Everyone enjoys whining about their home state — the weather, the job market, the taxes — but some disgruntled citizens have far more ammunition than others.
WalletHub, a personal finance website, keeps a list of the friendliest states in America, based on a variety of characteristics in three categories: “emotional and physical well-being,” “work environment,” and “community and environment.”
It should come as no surprise that the beautiful island state of Hawaii had the highest total happiness & friendliness score, but you might be surprised by some of the states at the bottom of the list.
Top 11 Unfriendliest States in the US
1. Rhode Island
The beautiful ocean views are free, but living in Rhode Island is incredibly pricey. Furthermore, owing to limited economic development and bad infrastructure, CNBC has named it the worst & unfriendliest state in the country for corporations.
America’s tiniest state had a mediocre grade for mental and physical well-being but fared poorly in terms of work environment, community, and environment. One advantage: Rhode Islanders work fewer hours than inhabitants of practically every other state, except for Utah.
The Sunshine State is very well known for its beautiful beaches, year-round mild weather, and Disney World. What more could you want?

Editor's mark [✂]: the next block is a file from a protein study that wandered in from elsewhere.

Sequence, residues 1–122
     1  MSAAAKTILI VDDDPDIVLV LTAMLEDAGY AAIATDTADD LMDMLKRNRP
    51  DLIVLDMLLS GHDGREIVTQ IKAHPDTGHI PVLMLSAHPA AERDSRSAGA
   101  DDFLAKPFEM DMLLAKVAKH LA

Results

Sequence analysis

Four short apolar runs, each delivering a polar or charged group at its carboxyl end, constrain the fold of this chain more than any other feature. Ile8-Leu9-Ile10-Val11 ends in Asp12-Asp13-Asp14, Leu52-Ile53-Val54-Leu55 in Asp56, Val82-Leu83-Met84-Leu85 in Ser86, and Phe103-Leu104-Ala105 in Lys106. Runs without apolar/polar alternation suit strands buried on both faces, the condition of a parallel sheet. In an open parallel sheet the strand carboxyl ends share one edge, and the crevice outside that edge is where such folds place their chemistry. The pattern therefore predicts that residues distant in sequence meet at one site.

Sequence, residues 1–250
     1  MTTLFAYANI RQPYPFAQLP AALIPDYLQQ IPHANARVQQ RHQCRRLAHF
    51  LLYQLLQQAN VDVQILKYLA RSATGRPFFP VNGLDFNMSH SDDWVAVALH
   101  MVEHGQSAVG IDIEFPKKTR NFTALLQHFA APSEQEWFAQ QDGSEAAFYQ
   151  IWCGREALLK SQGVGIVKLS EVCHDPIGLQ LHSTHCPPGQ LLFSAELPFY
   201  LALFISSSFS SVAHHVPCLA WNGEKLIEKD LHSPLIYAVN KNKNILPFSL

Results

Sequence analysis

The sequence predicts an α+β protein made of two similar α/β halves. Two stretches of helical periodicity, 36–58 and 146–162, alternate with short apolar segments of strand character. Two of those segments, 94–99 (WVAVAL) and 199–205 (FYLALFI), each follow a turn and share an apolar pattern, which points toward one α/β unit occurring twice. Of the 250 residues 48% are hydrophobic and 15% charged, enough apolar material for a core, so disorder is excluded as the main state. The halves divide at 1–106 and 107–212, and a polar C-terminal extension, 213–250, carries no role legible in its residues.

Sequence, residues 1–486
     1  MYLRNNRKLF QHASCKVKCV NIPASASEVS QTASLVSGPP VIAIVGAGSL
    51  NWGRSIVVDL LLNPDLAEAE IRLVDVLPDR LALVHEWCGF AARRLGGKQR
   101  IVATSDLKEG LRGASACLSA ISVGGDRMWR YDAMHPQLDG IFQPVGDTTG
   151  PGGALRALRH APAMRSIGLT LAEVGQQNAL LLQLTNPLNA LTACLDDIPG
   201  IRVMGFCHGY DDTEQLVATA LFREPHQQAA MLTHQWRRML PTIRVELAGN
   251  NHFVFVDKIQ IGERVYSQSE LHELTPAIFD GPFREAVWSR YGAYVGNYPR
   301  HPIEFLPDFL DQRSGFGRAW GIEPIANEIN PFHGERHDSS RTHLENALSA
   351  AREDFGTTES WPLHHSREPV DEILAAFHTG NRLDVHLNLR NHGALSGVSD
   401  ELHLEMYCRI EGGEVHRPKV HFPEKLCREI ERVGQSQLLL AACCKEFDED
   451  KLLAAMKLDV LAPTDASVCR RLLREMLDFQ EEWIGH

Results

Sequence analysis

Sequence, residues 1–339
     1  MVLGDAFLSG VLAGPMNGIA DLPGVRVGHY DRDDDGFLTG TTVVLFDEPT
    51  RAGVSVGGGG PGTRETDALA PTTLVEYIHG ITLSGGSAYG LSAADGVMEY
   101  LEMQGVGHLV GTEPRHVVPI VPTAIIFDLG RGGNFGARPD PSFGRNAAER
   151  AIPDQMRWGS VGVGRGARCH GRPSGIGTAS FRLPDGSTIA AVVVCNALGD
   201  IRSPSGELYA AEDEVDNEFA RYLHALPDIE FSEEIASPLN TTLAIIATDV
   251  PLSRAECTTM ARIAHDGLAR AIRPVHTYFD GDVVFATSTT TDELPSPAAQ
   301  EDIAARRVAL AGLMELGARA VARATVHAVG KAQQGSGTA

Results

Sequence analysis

In terms of community and environment, the retiree and tourist paradise came in second last, trailing only Texas. It has some of the worst rankings in the country for divorce, safety, volunteerism, and long-term unemployment.
In addition, summers are scorching hot, with highs of 90 degrees Fahrenheit, while the autumn season is rife with thunderstorms and hurricanes.
The history of the Keystone State is extensive. To start with, it was one of the original 13 colonies of the United States, and this is also where the Declaration of Independence, the United States Constitution, and the Gettysburg Address were written.
Residents should hang on to their pride since it is becoming more difficult to celebrate these days.
While Pennsylvania did not obtain an appalling grade in any area, it also did not do well in any category. It ranked 40th in terms of working conditions and 30th in terms of community and environment.